A juvenile.

In 2007, a specialist group has been founded by several people within the Philippines, involved in crocodilian conservation. The Crocodile Conservation Society Philippines and the Zoological Institute of HerpaWorld working on Conservation Breeding and Release Programs. Crocodylus mindorensis was considered locally extinct in part of its former range in Northern Luzon until a live specimen was caught in San Mariano, Isabela in 1999. That individual, nicknamed 'Isabela' by its captors, was given to the care of the Crocodile Rehabilitation Observance and Conservation until it was released in August 2007. The specimen was 1.6 meters long at the time of its release.[10]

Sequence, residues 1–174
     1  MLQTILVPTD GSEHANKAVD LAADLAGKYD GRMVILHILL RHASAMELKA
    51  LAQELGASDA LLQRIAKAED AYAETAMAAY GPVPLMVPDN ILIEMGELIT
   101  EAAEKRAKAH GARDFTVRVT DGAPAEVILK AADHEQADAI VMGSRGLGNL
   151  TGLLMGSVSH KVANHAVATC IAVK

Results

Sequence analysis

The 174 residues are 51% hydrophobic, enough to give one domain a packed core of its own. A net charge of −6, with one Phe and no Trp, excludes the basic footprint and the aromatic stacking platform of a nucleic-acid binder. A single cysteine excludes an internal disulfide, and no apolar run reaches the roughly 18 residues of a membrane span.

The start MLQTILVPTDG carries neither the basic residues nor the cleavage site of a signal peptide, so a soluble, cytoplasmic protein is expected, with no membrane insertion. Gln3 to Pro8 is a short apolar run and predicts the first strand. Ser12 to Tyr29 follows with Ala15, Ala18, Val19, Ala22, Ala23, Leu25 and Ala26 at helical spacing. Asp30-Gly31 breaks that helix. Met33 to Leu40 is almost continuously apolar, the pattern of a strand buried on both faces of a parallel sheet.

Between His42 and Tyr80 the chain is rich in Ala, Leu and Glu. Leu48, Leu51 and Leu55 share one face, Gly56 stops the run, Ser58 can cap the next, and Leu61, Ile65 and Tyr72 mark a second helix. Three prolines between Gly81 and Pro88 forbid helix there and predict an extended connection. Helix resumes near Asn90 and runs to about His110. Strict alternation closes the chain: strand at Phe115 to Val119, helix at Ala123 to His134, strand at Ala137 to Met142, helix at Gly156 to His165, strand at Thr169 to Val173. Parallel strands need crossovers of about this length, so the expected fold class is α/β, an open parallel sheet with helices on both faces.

The Philippine crocodile became nationally protected by law in 2001 with the enactment of Republic Act 9147 known as the Wildlife Act. It is punishable to kill a crocodile carrying a maximum penalty of ₱100,000 (equivalent to about $2,500).[6] The Philippine Senate introduced Resolution no. 790 on May 31, 2012 to further strengthen and augment existing laws for the protection of the Philippine crocodile and the saltwater crocodile.[11]

Media[edit]

This crocodile was featured in National Geographic's Dangerous Encounters hosted by crocodile specialist Dr. Brady Barr. In one of the episodes, Barr was seeking to be the first person to see all species of crocodile in the world, with the Philippine crocodile as the most difficult. Fortunately, he was able to see a Philippine crocodile of only about two weeks old.[12]

See also[edit]